- IECTR 61508-0, Functional safety and IEC 61508
- IEC 61508-1, General requirements
- IEC 61508-2, Requirements for E/E/PE safety-related systems
- IEC 61508-3, Software requirements
- IEC 61508-4, Definitions and abbreviations
- IEC 61508-5, Examples and methods for the determination of safety integrity levels
- IEC 61508-6, Guidelines on the application of IEC 61508-2 and IEC 61508-3
- IEC 61508-7, Overview of techniques and measures
Advantages of complying with IEC 61508
We know, another day in product development, yet another standard to comply with – however, it really does pay off. There are many advantages to ensuring functional safety with IEC 61508 so we put a list of a few examples together to show you that it’s worth the effort:
- Human safety: whether it’s a civilian, employee, or equipment operator, the most important thing is to make sure they are safe using the product.
- Environmental protection: many of these safeguards also make sure that nothing happens to our environment as a result of the products we develop.
- Regulatory compliance: if any accidents do occur, auditors will check to make sure how compliant you are, and if you are found lacking there can be severe consequences, both financially and to your brand reputation.
- Competitive edge: for many projects, being compliant with certain standards is a prerequisite for contractors who want to win bids, so if you can demonstrate compliance you’re already a step ahead of competitors.
- Cost-cutting: being compliant with IEC 61508 and achieving a high level of functional safety also means going to market faster, spending less money on correcting errors, and lower insurance policy costs to boot.
In addition to all this, a range of different industry-specific standards is actually derived from IEC 61508, making it a universal standard.
IEC 61508 and risk
Hazardous risk management is central to IEC 61508 as a standard. Each safety function comes with concepts of probabilistic risk which determine how likely those threats are. Then the risk is reduced to what is considered a tolerable level by applying the appropriate best practices or safety functions.
IEC 61508 states the following principles about risks:
- Zero risk is not possible; it’s only the probability that can be lowered
- Non-tolerable risks must be reduced as much as possible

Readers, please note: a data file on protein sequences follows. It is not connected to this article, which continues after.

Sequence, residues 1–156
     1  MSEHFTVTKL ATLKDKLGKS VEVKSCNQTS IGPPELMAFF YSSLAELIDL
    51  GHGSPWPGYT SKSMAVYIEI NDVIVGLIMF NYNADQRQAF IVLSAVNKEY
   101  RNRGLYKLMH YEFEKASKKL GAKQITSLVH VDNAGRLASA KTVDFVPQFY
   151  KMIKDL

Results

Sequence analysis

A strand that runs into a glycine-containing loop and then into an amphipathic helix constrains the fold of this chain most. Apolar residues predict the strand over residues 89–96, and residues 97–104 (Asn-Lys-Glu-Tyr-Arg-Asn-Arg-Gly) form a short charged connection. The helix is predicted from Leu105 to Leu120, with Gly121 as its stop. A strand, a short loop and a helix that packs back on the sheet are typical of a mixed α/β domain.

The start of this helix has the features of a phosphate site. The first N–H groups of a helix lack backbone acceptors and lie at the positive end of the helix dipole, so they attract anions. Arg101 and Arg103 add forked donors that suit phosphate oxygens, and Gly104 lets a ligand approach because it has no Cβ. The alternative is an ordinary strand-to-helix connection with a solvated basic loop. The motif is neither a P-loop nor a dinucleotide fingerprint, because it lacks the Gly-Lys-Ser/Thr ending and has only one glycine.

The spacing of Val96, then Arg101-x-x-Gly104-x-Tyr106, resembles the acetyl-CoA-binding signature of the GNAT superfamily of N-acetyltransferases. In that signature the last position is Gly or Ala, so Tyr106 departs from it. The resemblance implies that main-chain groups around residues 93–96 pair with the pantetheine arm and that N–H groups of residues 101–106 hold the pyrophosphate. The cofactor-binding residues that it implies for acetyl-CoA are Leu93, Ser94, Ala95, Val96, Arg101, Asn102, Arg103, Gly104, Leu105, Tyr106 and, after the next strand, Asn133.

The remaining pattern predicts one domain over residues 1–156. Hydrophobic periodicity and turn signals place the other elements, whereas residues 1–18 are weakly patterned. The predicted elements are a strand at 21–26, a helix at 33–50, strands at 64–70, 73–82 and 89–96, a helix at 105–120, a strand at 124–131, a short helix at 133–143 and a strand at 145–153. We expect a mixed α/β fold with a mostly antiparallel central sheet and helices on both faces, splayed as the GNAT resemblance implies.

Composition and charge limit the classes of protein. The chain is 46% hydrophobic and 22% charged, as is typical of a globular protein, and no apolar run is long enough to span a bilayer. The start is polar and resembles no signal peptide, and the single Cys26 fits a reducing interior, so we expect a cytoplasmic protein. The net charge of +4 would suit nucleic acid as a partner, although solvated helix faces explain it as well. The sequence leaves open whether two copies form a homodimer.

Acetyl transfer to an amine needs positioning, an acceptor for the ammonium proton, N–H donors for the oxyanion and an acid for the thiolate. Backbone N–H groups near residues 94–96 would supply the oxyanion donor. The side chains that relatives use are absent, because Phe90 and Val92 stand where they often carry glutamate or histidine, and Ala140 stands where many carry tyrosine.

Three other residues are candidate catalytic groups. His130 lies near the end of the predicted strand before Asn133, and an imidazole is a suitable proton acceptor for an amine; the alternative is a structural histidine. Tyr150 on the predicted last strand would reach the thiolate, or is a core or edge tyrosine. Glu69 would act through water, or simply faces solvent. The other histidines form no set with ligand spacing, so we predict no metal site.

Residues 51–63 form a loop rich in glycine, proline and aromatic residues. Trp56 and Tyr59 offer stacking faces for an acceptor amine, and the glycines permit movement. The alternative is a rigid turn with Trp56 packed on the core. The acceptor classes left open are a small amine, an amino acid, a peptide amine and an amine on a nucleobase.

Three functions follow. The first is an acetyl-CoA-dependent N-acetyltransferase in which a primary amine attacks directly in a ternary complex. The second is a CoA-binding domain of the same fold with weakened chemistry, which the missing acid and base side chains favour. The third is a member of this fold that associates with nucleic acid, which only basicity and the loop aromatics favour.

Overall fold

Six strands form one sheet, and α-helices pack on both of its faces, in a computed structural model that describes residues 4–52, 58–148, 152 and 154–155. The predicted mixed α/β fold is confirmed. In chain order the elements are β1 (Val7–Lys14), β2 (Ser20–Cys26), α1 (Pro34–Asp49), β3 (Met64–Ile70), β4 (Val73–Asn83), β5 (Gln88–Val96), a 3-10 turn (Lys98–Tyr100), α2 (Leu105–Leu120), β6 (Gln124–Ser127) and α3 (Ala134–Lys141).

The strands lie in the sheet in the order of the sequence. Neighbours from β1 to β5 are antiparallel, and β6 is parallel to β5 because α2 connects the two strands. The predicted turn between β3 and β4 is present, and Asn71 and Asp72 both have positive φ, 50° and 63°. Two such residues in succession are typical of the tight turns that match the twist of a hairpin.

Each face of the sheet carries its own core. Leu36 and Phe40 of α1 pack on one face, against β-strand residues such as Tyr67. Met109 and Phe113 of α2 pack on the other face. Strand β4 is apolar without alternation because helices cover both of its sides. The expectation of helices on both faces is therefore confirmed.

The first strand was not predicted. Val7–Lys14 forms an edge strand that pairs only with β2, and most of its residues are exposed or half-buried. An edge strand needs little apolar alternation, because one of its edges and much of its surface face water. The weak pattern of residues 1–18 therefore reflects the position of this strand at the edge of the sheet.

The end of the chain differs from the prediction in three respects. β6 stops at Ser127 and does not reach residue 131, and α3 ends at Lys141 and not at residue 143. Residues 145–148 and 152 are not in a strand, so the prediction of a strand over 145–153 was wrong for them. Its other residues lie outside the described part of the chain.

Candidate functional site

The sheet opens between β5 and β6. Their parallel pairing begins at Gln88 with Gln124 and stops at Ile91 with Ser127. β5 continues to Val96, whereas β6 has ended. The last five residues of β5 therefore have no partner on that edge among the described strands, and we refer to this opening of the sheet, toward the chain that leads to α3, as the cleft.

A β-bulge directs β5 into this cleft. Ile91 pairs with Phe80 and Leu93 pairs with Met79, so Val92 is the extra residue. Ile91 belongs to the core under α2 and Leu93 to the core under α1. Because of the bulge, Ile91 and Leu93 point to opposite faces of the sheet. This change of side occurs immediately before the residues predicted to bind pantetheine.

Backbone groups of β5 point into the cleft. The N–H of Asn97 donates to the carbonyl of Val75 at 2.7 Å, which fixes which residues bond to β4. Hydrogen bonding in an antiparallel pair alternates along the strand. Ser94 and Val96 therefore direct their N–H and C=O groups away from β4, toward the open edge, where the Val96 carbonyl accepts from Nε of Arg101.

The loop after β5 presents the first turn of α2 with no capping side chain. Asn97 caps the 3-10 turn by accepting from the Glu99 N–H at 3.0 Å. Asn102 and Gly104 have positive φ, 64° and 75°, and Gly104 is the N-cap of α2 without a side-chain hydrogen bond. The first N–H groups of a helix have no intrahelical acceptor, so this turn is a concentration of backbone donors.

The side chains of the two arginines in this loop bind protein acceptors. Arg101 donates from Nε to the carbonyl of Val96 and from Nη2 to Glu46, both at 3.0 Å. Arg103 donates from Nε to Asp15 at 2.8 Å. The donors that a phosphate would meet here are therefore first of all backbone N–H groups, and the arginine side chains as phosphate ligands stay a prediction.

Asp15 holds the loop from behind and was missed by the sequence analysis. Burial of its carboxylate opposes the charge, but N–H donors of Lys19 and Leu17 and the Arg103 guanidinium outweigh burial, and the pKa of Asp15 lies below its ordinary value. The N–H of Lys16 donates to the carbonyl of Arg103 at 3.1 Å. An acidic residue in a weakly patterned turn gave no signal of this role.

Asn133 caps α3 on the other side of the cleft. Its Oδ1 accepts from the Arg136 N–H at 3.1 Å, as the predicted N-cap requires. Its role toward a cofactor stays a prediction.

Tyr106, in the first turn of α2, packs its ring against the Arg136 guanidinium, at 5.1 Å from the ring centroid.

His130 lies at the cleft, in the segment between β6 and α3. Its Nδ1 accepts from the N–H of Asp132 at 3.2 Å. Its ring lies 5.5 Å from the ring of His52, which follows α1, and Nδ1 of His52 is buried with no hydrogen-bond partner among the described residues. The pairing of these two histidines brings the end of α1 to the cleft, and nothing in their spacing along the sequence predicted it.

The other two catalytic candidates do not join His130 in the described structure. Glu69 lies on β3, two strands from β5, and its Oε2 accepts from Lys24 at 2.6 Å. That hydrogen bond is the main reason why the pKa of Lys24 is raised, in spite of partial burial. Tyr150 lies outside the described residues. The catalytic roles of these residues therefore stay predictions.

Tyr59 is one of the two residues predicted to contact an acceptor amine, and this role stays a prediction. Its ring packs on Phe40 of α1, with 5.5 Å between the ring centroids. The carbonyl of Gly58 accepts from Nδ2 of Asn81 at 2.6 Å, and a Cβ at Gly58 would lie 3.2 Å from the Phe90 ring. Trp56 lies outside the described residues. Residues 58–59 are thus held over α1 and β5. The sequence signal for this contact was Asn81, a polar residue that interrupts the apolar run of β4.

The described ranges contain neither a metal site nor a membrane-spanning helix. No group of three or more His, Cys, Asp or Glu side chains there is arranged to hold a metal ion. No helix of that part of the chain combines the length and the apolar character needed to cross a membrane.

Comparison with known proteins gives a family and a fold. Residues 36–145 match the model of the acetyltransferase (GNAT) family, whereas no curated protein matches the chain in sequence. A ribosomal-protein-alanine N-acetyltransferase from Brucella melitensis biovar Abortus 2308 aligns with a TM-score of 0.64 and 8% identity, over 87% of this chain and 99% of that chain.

- The highest level of functional safety is achieved when it is maintained throughout the safety lifecycle.
What are Safety Integrity Levels (SILs)?
Safety Integrity Levels, or SILs as they are commonly referred to, are a way to measure the performance of safety systems. There are four different SIL levels: SIL 1, SIL 2, SIL 3, SIL 4. Basically, the higher the SIL level, the higher the safety level which is being ensured and the lower the probability is that a system will fail. Different industries and different products have varying requirements where SIL levels are concerned. Also, as the SIL level gets higher, the production and maintenance cost, as well as the system complexity, tends to increase in tandem.
IEC 61508 compliance
When it comes to complying with complex standards and developing even more complex systems safely, following carefully constructed workflows and meticulous documentation can make all the difference. That’s where using the right tools can help.
Intland Software’s codebeamer is a highly adaptable and configurable enterprise Application Lifecycle Management platform that takes the guesswork out of your IEC 61508 compliance journey. A smart, integrated, and cross-functional platform, codebeamer coordinates and manages all activities and artifacts associated with developing software and helps you streamline your development processes and cut costs in no time.
Interested in learning more? Check out our guide to find out exactly how codebeamer can support your IEC 61508 compliance efforts: